He spoke to state lawmakers yesterday and painted an extremely grim picture, saying he's frightened by what is coming in the weeks ahead.


DR. ESAMEIL PORSA, CEO, HARRIS HEALTH SYSTEM: I also see the silver lining but I am frightened by what is coming. We could go in my hospital, had to call it a disaster. We had 30, 3-0, ICU in the emergency room on the stretchers waiting for a bed. Some of them had to wait for more than 30 hours to find a bed, an ICU bed. That is not optimal care. That is not safe care. That is not high quality care. I'm ashamed to say that my hospital provided that care. But that is where we are and that is where we are heading.


LAVANDERA: And the doctor also went on to say that they simply won't be able to handle the crush of patients that continue to come. And the question, as you know, many of these hospitals, Erica, are dealing with staffing shortages. The governor has talked about bringing 2,500 more nurses here to the state to help hospitals but this doesn't happen quickly.

[10:10:00] I've talked to several hospital administrators over the last few days and say this is a problem. Nurses are needed in many parts of the country and getting them here to Texas isn't something that will happen overnight.

So there is a great deal of stress being placed on hospital staff and physicians all over the state and a great deal of concern growing about where exactly this is headed in the coming weeks. Erica?

HILL: Yes. And I have to say it, being here in New York, it just makes you think back to the early days of the pandemic when there was a call for, of course, outside medical help to come into the state of New York. It's amazing that we are back here and now seeing it in Texas. Ed, I appreciate it as always, thank you.

The Republican speaker of the Tennessee House is now asking the governor to call a special legislative session in an attempt to block school mask mandates. And this comes as tensions over masks in schools, those tensions really reaching a boiling point.

The Williamson County School Board recently approved a temporary mask requirement. It goes into effect this morning. Here is one father who is also a doctor explaining why he supports masks in schools.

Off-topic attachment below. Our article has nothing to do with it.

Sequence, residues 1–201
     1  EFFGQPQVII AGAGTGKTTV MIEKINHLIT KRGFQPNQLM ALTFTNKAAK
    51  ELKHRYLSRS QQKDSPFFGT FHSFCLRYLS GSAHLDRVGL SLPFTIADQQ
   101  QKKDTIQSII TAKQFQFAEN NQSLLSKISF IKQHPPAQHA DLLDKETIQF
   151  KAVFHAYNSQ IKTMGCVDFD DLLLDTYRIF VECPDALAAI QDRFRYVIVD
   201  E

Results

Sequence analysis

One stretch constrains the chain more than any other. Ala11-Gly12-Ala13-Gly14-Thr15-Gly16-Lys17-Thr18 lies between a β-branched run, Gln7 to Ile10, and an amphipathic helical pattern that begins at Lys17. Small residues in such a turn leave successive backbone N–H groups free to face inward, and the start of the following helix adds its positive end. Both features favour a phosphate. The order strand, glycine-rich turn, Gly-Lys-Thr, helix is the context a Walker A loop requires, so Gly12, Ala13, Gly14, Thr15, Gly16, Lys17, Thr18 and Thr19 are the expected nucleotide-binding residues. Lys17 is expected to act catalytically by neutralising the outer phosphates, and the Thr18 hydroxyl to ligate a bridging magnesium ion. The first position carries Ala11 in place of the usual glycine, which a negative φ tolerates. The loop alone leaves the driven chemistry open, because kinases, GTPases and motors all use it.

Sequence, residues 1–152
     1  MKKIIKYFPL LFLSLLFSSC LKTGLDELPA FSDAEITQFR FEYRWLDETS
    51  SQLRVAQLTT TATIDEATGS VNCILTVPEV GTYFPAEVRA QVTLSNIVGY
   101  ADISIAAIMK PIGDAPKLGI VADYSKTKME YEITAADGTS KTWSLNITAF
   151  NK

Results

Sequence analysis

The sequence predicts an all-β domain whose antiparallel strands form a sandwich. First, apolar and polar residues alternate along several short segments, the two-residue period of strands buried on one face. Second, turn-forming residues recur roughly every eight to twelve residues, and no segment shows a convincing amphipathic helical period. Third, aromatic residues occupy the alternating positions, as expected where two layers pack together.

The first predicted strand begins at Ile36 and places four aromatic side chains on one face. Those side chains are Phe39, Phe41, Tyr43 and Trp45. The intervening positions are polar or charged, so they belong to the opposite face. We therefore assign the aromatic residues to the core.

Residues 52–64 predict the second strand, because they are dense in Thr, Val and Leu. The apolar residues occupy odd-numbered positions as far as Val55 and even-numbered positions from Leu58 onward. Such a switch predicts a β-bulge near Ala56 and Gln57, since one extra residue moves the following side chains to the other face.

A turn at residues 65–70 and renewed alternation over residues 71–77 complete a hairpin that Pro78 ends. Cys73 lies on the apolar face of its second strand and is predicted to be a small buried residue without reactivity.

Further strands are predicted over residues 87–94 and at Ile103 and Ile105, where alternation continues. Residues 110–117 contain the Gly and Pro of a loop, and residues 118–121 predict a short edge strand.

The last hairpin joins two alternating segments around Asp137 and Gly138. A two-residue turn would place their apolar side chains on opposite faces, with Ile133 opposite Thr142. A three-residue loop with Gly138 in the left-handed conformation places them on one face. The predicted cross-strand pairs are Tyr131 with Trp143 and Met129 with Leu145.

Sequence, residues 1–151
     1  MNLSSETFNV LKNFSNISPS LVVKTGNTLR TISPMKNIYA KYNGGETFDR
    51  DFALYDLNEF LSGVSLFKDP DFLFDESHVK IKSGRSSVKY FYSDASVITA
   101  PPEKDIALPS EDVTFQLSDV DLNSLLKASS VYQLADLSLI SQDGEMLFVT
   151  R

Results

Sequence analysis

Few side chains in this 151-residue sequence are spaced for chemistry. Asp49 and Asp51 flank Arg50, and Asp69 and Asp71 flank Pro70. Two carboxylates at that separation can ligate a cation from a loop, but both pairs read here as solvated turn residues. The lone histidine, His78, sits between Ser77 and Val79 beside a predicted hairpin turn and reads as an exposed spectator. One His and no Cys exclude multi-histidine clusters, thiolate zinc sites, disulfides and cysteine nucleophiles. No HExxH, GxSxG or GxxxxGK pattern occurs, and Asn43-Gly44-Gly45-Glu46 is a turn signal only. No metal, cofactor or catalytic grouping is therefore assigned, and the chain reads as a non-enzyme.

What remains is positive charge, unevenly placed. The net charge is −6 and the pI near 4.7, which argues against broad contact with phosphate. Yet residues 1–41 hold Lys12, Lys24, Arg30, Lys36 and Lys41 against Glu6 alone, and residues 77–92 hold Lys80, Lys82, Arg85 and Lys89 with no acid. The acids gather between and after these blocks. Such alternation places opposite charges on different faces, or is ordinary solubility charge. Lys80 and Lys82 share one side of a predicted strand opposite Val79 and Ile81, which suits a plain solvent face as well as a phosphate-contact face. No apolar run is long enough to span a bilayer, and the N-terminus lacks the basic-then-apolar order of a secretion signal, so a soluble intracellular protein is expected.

DR. BRITT MAXWELL, HOSPITALIST, INTERNAL MEDICINE SPECIALIST: At my hospital, we're seeing otherwise healthy people in their 30s and 40s getting sick and the case counts are going up exponentially and some are dying. And we have to do everything we can to protect the whole community, and that means that people in this room that don't agree with me and their kids in the classrooms. If we don't do this, we're going to have school shut downs and quarantines and needless tragedies and I don't want that from my community.


HILL: Well, the situation at that board meeting went from tense to chaotic after some parents who are against masking spilled out into the parking lot, harassed some of the people who do support the mandate.


UNIDENTIFIED MALE: No more masks. No more masks. No more masks. No more masks. Child abusers, you are child abusers. There's a hell for you guys. There's a bad place in hell. And everybody is taking notes, buddy. Keep that little smug.


UNIDENTIFIED MALE: You should put that mask back on.

UNIDENTIFIED FEMALE: Put your mask on.

UNIDENTIFIED MALE: Let those poor kids sucking that bacteria. How do you like that? We know who you are. We know who you are. No more masks.

UNIDENTIFIED MALE: Keep it calm. Keep it calm.


UNIDENTIFIED MALE: We're on these guys' side. They're on our side.

UNIDENTIFIED MALE: No, they're not. They're not on our side.

UNIDENTIFIED MALE: The police are on our side. The police are on our side. Let's calm down.



UNIDENTIFIED MALE: We know who you are. Who we know who you are.

UNIDENTIFIED MALE: You can leave freely but we will find you and we know who you are. We know who you are.

UNIDENTIFIED MALE: You won't be allowed in public again. You will never be allowed in public again.

UNIDENTIFIED MALE: I know who you are. Let him out. Just let him out.

UNIDENTIFIED MALE: You better watch out. You better watch out.

UNIDENTIFIED MALE: You just keep it calm. Keep it calm. Everybody back up, please. Everybody back up. Back up. Back up.

UNIDENTIFIED MALE: I'm back, man. I'm on your side. I'm a parent.

UNIDENTIFIED MALE: Peace. Everyone, peace, but we know who you are. We know who you are.